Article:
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Thursday , 21 October 2021

Canola price skyrockets at $16.25 per bushel

Local canola producers are relishing the moment as the current price of canola has been driven up to a whopping $16.25 per bushel. This price is listed for a June 2021 delivery within a 45 minute range of Mannville.

Compared to where it used to be, Scott Konieczny, canola farmer and co-owner of Konieczny Seeds in Mannville, said last fall the canola price was closer to $11 per bushel, and it stayed between $10-$11 for the last few years.

“When I was a child I remember my dad being super happy when it hit $8 per bushel,” said Konieczny.

“I’d love for that canola price to be up there all the time, but I also know that is kind of unrealistic. I’d be happy if they just stay for a little while.”

Because you can hedge ahead in grain commodities, if producers think the market is going to go up or down, they can sell their next season’s crop by locking in the price ahead of time. Konieczny said usually the ‘new crop’ price is significantly lower, but the canola price for a September – October delivery is currently $12.70 a bushel (the ‘old crop’ price, which every one has in their bins, is the $16.25).

“The new crop price is already being affected because that’s usually closer to what a guy actually budgets for,” said Konieczny.

Danny Farkash, owner of Noralta Farms Ltd., doesn’t farm canola and said he isn’t sure why but it seems that right now, China is buying up everything – not just canola. He said just last week he dropped off a load of metal scraps to be recycled in Edmonton and the price for those had gone up as well.

“It seems like most of the commodities are very high and going up. We’re not sure why other than that it seems like China is buying it up,” said Farkash.

Konieczny said he thinks part of the canola market being so high is that in Europe they banned a seed treatment called a Neonicotinoid (an insecticide).

“That made it so that it essentially pushed producers away from using it. The crop is then susceptible to those insects so you have to go in with a ground spray or aerial spray multiple times,” said Konieczny.

“The input and cost just became too much for those European farmers. So, you take a bunch of canola out of the market and combine that with a shortage of tons in Canada as well, and the price just kind of skyrockets. There might be more demand in China too.”

A normal price for peas he said is between $6.50-$8, while right now you can get over $10 for old crop, and there are targets triggering around $9.50 for new crop.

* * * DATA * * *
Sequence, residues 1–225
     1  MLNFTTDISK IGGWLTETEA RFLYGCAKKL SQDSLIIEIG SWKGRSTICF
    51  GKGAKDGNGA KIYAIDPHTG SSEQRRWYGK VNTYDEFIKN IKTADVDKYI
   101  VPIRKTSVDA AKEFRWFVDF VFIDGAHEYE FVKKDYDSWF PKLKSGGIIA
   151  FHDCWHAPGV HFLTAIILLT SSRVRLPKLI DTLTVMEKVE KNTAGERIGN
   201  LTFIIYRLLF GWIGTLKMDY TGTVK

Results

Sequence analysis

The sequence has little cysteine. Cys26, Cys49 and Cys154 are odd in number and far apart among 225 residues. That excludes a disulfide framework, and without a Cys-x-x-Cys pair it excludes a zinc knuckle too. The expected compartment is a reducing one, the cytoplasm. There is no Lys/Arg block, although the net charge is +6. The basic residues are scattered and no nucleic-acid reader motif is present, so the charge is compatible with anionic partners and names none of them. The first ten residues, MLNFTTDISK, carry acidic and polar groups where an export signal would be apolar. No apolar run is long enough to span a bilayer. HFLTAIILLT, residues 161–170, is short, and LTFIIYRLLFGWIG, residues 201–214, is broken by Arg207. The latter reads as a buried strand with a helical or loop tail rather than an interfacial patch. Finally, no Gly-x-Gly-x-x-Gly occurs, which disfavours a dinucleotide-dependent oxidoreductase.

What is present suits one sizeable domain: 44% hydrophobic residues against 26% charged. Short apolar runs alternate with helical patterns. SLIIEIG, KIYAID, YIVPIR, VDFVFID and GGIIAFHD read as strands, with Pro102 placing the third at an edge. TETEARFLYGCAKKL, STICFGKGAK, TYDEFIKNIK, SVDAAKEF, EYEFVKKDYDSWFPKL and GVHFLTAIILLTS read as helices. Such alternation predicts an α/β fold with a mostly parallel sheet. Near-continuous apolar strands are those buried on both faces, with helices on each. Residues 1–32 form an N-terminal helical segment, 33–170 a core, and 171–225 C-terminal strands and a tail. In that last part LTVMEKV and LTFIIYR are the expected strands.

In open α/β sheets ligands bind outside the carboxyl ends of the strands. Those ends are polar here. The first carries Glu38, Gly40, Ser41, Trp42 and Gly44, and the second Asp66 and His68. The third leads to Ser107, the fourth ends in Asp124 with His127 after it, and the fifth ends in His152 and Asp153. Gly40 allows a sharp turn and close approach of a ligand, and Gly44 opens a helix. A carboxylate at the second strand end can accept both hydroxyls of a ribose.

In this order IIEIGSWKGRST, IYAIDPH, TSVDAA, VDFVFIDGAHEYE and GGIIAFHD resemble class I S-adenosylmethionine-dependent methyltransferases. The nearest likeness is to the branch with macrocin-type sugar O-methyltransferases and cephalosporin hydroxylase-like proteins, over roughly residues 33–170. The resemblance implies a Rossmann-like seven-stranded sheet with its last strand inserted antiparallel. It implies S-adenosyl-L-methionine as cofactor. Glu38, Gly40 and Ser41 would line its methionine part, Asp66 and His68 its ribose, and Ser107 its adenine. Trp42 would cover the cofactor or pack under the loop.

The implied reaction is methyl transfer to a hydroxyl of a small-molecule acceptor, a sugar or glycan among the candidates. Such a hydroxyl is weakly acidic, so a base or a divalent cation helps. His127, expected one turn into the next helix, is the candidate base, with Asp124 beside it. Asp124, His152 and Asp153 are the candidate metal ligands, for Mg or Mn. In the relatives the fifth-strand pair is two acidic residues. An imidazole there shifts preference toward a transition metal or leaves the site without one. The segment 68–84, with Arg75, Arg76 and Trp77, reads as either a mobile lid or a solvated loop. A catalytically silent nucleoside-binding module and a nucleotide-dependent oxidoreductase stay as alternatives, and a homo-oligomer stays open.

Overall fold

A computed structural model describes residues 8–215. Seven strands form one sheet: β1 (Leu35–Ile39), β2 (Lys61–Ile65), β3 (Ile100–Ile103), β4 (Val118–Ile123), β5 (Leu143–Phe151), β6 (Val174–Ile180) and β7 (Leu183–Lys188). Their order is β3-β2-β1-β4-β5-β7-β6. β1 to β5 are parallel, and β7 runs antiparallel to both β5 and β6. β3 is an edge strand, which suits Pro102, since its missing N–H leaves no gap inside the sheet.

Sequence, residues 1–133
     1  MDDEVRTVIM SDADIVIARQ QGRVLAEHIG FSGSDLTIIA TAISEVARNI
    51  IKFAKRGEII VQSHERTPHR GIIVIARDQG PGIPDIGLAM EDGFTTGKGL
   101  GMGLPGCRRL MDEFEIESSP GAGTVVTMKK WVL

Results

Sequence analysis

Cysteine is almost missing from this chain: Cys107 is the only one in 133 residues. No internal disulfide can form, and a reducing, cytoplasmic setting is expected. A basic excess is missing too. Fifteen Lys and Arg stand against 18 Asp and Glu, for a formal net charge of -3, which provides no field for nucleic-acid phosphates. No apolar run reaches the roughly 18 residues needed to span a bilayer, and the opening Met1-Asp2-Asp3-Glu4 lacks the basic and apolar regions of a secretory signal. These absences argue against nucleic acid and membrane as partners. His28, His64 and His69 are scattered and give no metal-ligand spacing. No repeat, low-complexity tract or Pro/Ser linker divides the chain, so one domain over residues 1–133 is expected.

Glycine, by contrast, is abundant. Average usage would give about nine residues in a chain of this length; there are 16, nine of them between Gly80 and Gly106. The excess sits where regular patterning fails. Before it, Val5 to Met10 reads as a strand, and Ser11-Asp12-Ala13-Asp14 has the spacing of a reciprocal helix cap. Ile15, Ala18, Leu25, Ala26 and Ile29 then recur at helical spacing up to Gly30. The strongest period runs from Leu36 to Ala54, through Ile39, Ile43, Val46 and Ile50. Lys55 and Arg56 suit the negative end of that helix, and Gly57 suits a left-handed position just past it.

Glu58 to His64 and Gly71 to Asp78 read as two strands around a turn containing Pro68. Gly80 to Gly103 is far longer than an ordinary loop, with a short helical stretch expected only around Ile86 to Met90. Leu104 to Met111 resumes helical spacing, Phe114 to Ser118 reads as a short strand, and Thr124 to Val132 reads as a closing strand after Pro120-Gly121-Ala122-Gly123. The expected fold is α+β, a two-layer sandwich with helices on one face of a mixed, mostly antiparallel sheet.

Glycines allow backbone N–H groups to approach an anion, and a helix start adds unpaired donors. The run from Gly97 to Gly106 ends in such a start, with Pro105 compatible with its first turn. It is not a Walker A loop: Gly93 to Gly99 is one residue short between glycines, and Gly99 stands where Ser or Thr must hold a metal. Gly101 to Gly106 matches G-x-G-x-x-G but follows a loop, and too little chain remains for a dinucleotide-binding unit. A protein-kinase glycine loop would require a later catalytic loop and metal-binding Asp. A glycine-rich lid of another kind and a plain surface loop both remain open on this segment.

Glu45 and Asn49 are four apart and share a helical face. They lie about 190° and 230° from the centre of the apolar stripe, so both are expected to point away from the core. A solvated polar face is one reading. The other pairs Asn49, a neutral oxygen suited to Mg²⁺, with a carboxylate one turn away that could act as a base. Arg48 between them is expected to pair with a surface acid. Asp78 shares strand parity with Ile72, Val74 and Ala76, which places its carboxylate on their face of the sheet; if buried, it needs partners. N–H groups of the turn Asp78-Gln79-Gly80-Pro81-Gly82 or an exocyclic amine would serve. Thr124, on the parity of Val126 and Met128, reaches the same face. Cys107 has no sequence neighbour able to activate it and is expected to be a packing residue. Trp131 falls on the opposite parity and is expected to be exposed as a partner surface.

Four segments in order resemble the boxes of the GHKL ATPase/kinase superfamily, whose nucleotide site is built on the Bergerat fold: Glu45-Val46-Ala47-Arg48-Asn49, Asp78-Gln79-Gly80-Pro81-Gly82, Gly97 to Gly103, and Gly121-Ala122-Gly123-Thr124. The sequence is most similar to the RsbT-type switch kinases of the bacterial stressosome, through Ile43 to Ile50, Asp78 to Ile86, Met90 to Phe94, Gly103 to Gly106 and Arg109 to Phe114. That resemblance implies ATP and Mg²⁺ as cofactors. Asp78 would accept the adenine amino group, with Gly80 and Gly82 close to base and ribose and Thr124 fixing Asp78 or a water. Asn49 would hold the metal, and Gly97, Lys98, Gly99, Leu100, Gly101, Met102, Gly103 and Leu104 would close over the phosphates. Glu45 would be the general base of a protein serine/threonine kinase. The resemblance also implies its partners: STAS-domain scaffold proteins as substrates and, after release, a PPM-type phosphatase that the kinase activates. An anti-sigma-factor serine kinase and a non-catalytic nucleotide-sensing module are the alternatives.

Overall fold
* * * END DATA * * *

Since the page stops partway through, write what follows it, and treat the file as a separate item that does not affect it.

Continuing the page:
He said for feed barley you can usually get between $3-$4 per bushel for an old crop, but that it has also gone “crazy” and now you can get anywhere from $5.50-$6.50. For the past few years, he said Canadian Prairie Spring (CPS) wheat has usually been between $5.50-$7, but it has also gone up and is selling as good as hard red spring wheat. He has seen bids for old crop CPS of $7.70 per bushel or higher.

“It’s not always cut and dry what is going to make the most money,” said Konieczny.

“Some are less labourous, some have less standards when you are selling which factors into price. Another big thing is crop rotation – you can’t just always grow the same thing or you will have disease, weeds, insects, or resistance issues.

He said their seed company specializes more the cereals and pulses, but from a farmer’s perspective, he predicted that some people will be changing a few hundred acres or a few quarters out from spring wheat or something into canola in order to get more acres into next year’s canola market.

About Angela Mouly

Angela comes to Lakeland Connect after leaving traditional newspaper where she spent the past four years reporting on community events. Her repertoire includes writing about history, politics, agriculture, sports, entertainment and art. She was the third place recipient of an AWNA General Excellence Award for “Best Front Page” during their 2016 Better Newspaper Competition. Angela has lived in rural Alberta all her life and in Vermilion for the past 15 years. She looks forward to continuing to serve and inform the Lakeland community by joining in people's many adventures and sharing their stories.